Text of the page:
• 70. DRAFT April 10, 2014 70    Call on other pupils to write the numbers on the board in column and find the sum. Have other pupils check the answer. See to it that they get 59 marbles as the answer. Have pupils see that the given addends can also be solved mentally using some strategies. Tell them that through these strategies they would be able to perform the addition in their mind. Write the addition equation again on the board. 24 + 35 = n Tell pupils that they will be using the front–end addition strategy to be able to add the numbers mentally. Check that the pupils understand what the numbers really mean. Have the pupils see 3 as 30 and 2 as 20. Let them follow these steps: 1. Split up each number to its place value. 24 + 35 (20 + 4) + (30 + 5) 2. Add the tens, and then add the ones. (20 + 30) + (4 + 5) 50 + 9 3. Put together the tens and the ones. 50 + 9 = 59 With this strategy, pupils will see that 59 is not a simple number of 5 and 9 but a sum of 50 and 9. Show them another way of doing this strategy. Think: 24 + 35 50 + 9 20 + 30 = 50 4 + 5 = 9 59 59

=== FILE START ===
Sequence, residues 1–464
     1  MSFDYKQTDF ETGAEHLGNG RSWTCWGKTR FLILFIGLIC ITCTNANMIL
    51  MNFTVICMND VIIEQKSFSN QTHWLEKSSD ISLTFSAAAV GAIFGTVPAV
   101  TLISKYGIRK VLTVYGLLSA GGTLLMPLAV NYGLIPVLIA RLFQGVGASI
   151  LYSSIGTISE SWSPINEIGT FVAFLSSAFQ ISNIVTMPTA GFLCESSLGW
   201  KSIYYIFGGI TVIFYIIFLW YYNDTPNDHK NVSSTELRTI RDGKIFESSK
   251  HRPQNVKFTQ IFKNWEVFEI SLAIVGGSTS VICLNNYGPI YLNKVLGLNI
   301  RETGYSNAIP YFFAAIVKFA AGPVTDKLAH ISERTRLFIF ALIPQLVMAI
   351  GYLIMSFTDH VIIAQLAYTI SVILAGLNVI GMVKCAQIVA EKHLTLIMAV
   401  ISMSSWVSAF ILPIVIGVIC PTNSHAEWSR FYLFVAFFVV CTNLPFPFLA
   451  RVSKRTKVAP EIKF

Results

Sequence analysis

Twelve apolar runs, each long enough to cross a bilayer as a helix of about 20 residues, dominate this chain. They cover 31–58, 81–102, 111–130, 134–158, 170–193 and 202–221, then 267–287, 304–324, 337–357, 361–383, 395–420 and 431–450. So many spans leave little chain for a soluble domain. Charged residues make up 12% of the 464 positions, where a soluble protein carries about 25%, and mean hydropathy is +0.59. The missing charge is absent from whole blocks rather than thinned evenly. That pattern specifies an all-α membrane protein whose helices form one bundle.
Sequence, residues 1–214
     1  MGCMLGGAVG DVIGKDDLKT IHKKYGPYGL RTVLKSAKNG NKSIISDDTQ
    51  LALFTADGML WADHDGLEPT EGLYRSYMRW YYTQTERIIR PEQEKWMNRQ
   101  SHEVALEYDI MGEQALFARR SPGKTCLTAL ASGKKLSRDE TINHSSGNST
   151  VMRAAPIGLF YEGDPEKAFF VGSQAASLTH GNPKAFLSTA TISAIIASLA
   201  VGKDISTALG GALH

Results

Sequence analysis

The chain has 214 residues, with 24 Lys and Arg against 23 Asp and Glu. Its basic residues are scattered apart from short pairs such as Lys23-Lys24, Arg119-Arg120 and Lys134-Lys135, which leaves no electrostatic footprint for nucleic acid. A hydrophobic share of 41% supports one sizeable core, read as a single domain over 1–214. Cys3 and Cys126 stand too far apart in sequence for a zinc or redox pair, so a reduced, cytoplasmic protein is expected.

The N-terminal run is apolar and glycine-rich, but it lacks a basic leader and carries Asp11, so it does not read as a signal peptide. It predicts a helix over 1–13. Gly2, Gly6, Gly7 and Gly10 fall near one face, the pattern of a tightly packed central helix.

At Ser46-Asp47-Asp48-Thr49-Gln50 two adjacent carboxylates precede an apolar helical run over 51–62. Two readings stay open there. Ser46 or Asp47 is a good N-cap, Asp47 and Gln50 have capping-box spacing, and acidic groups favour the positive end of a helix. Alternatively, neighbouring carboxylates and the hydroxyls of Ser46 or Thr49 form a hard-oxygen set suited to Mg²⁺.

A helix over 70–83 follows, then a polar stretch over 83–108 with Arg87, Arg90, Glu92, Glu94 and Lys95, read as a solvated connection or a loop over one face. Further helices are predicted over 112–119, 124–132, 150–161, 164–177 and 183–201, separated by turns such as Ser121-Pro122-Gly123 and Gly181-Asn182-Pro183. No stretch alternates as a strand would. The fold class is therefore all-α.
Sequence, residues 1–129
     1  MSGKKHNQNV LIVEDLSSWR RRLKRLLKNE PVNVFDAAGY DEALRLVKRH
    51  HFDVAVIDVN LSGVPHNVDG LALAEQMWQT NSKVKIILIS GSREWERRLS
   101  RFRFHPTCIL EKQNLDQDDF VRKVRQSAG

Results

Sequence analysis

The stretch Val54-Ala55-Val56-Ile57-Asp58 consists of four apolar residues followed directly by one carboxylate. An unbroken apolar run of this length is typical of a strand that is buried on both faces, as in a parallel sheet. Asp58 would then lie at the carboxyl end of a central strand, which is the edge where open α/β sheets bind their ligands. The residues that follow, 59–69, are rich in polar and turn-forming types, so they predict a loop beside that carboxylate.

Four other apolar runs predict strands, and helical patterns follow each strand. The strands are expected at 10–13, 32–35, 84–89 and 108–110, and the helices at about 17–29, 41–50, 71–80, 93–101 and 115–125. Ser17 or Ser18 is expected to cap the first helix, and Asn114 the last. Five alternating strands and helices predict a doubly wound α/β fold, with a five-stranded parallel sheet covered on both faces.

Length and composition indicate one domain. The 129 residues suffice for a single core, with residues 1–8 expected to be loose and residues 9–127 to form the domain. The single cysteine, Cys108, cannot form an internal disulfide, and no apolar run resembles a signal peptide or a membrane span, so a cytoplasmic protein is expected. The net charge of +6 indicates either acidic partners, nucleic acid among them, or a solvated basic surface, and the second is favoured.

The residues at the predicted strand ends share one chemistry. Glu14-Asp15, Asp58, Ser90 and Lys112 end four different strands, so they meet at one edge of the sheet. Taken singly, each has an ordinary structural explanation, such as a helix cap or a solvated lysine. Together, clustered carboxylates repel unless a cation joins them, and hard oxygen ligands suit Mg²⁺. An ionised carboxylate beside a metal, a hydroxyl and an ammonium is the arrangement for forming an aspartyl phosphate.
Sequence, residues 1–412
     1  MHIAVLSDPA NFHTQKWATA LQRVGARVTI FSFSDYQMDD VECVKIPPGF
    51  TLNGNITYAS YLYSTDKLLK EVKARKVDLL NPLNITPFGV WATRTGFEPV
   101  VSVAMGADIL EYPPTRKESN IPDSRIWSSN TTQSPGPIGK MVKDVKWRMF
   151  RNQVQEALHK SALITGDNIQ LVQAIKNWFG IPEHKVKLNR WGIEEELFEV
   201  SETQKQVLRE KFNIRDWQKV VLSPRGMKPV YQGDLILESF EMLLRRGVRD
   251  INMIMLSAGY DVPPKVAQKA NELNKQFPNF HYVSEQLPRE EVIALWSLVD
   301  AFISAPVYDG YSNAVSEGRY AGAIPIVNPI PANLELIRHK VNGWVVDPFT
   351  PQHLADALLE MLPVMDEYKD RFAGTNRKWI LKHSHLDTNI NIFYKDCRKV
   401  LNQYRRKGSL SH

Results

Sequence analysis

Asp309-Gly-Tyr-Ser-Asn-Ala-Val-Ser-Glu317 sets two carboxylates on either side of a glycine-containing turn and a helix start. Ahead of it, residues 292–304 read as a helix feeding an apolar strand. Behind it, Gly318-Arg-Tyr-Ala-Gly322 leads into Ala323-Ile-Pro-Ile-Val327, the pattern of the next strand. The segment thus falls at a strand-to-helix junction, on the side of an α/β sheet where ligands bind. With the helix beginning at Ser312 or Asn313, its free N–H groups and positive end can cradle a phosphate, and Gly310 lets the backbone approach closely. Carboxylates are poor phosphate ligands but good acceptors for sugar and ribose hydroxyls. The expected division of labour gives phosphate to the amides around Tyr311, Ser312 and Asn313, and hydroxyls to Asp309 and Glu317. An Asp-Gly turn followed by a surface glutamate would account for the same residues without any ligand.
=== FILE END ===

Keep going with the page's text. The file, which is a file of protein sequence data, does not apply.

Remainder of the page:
• 71. DRAFT April 10, 2014 71    Try another example. This time, adding numbers mentally with regrouping. Have them write 46 + 38 on the board. Have the pupils see 4 as 40 and 3 as 30. Let them follow these steps: 46 + 38 1. Split each number as to its place value. 46 + 38 (40 + 6) + (30 + 8) 2. Add the ones. 6 + 8 = 14  (Think: 14 = 10 + 4 3. Add the tens and ones. (40 + 30 + 10) + 4 80 + 4 4. Put together the tens and ones. 80 + 4 = 84 2. Performing the Activity Have pupils work in pairs. Ask them to work with their partners in giving the answers to the exercises in the table like the one shown below. Instruct them to use any of the strategies they learned in computing for the answer mentally. Addends Sum 1) 26 42 2) 14 65 3) 35 51 4) 48 37 5) 63 18 3. Processing the Activity Ask: Which digits in item no. 1 are the ones digits? the tens digits? Ask the same questions for items 2 to 5.